Molecular Ivestigation of the Electron Transfer Flavoprotein Dehydrogenase Mutation Induced Mitochondrial Dysfunction and Metabolic Defects

Project: A - Government Institutionb - National Science and Technology Council

Project Details


Multiple acyl-CoA dehydrogenase deficiency (MADD), glutaric aciduria type II, is an autosomal recessive inherited disorder of fatty acid metabolism. Electron-transfer-flavoprotein dehydrogenase (ETFDH) gene encodes electron-transfer-flavoprotein-ubiquinone oxidoreductase (ETFQO) have been reported to be the major causes of MADD. The ETF/ETF-QO system serves as electron transfer in mitochondrial electron transport chain and links fatty acids oxidation to supply mitochondrial respiratory substrate. The etiology and pathophysiology of ETFDH deficiency induced MADD remains uncertain. In our index family, we found there were two point mutations: c. 92C>T and c.250G>A. The MADD pedigree was identified with myopathy that oil droplet accumulation, abnormal plasma fatty acid compositions, and mitochondrial abnormality. The clinical manifestations were improved followed CoQ10 treatment. We therefore postulate that this MADD pedigree may result from defects of ETF-QO combined with general mitochondrial dysfunction. We proposed that ETFDH mutation induced mitochondrial dysfunction and metabolic defects contributing to MADD pathogenesis. To underlying the pathogenesis of this fatty acid degradation disorder, we plan to set up this project for three years. In the first year, we plan to investigate the genetic and pathological background of this MADD pedigree, and establish the patient-derived lymphoblastoid cell lines for cell-based functional assays. We plan to investigate whether ETHDH mutations induce lipid droplet accumulation in human lymphoblast cells in response to the treatment of fatty acid of various chain lengths. In the second year, we plan to verify whether ETFDH mutation induces the lipid droplet accumulation via mitochondrial dysfunction. We will establish the human myoblast stable cell lines with specific ETFDH mutation to evaluate the effect of fatty acids on mitochondrial dysfunction and lipid droplet accumulation. In the third year, we plan to establish cell-based stressor or drug screening platform for the ETFDH-mutated myoblast cell lines by monitoring lipid droplet accumulation and mitochondrial respiration. We will find out the rescue effects from riboflavin, CoQ10, and pyrroloquinoline quinone treatment, and examine the detrimental effect of heat stress and the inflammatory cytokine on the specific ETFDH- mutated myoblast cell lines. This will help to disclose the Taiwan-specific variation of MADD and the therapeutics for treatment.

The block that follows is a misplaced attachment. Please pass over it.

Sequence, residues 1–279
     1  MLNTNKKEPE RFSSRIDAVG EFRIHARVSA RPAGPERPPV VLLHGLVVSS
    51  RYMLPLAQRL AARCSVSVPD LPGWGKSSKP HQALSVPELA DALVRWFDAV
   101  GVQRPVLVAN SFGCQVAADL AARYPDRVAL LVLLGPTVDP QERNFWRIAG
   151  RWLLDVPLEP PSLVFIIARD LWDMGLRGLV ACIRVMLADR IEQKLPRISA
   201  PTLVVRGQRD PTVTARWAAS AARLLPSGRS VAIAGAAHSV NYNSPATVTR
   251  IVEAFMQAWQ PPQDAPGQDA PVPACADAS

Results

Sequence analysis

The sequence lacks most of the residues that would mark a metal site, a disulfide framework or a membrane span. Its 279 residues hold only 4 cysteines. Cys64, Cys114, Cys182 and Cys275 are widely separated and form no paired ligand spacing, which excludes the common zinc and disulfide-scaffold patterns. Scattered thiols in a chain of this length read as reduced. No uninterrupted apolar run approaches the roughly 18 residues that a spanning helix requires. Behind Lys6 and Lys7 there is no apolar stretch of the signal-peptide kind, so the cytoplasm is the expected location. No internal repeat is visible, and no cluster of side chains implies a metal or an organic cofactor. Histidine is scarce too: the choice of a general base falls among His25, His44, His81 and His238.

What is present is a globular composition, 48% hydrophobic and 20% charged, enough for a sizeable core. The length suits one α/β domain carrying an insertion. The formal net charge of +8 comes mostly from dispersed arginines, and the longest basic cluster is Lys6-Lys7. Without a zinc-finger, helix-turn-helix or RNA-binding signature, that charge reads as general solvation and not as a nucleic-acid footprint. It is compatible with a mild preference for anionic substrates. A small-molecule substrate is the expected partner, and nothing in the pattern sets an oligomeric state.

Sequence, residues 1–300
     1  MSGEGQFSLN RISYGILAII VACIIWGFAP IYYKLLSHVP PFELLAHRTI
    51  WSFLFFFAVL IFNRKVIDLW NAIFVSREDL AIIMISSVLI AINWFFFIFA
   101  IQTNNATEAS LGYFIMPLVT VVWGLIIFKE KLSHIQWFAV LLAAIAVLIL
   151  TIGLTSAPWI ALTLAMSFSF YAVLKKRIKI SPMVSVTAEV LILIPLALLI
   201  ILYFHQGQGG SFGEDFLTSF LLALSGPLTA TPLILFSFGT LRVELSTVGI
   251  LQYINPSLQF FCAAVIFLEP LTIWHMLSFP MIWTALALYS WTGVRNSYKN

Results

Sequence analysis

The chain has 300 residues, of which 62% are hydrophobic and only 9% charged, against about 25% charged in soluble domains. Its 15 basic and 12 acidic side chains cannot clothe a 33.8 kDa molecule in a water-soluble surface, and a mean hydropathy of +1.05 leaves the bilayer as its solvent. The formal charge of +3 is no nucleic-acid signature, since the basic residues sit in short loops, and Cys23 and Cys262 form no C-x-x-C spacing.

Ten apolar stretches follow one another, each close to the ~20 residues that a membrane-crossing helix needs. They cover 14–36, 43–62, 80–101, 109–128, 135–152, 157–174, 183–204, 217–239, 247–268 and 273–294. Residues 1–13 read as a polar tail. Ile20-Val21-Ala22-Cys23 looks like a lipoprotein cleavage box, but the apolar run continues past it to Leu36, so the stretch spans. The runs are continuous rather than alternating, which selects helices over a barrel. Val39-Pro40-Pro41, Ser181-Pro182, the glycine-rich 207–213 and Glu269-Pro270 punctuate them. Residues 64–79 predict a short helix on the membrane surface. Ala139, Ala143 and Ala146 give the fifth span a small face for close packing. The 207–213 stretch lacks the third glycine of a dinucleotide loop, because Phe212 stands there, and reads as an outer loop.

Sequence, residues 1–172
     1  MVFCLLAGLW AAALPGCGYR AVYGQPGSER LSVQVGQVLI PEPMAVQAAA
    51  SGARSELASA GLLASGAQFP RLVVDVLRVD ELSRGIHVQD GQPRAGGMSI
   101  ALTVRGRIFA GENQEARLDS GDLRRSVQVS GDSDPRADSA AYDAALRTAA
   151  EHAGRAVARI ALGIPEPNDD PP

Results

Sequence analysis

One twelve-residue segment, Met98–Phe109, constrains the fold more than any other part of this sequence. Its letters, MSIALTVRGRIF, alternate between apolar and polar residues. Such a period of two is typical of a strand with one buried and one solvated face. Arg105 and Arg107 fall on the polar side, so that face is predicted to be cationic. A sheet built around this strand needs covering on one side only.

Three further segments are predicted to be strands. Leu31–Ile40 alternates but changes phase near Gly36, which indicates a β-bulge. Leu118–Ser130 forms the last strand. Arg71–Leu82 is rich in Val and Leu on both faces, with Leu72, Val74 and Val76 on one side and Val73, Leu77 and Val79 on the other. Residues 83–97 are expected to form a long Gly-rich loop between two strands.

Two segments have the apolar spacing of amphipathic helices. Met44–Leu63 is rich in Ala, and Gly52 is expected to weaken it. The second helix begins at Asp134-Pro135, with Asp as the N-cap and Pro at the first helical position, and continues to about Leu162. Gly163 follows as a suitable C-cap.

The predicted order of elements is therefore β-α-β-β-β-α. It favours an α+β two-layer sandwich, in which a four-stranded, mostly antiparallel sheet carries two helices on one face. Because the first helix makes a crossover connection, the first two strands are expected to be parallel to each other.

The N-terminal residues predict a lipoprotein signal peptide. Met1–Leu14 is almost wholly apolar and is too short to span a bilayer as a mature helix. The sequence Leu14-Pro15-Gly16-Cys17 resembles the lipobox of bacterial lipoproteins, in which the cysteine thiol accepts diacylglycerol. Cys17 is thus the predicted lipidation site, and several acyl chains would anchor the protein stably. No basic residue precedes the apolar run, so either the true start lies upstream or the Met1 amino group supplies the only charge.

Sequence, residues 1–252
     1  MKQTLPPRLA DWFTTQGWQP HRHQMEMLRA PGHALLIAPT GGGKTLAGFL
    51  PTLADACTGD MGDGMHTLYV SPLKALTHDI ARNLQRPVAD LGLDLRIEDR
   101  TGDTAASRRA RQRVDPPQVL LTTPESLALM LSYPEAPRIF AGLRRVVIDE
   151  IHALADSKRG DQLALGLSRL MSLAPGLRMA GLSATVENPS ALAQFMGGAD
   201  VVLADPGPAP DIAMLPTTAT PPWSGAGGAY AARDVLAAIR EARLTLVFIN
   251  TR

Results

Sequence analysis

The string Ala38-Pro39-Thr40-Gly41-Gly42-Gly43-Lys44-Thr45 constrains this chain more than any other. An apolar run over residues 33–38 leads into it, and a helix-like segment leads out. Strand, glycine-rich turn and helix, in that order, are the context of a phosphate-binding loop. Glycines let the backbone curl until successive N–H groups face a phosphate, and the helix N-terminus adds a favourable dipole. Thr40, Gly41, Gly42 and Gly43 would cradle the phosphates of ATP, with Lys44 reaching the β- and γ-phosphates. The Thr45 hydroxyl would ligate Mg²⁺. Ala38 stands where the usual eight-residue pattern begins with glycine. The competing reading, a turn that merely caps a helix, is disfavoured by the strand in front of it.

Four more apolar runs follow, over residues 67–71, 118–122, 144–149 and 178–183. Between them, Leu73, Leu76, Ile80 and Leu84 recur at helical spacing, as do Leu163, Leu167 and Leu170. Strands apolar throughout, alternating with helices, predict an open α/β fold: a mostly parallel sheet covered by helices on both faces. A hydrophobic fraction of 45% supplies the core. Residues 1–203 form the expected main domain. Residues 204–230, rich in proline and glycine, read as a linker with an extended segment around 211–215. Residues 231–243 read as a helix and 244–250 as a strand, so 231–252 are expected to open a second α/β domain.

Effective start/end date8/1/157/31/16


  • multiple acyl-CoA dehydrogenase deficiency
  • electron-transfer-flavoprotein dehydrogenase
  • electron-transfer-flavoprotein-ubiquinone oxidoreductase
  • mitochondrial dysfunction
  • lipid droplet accumulation


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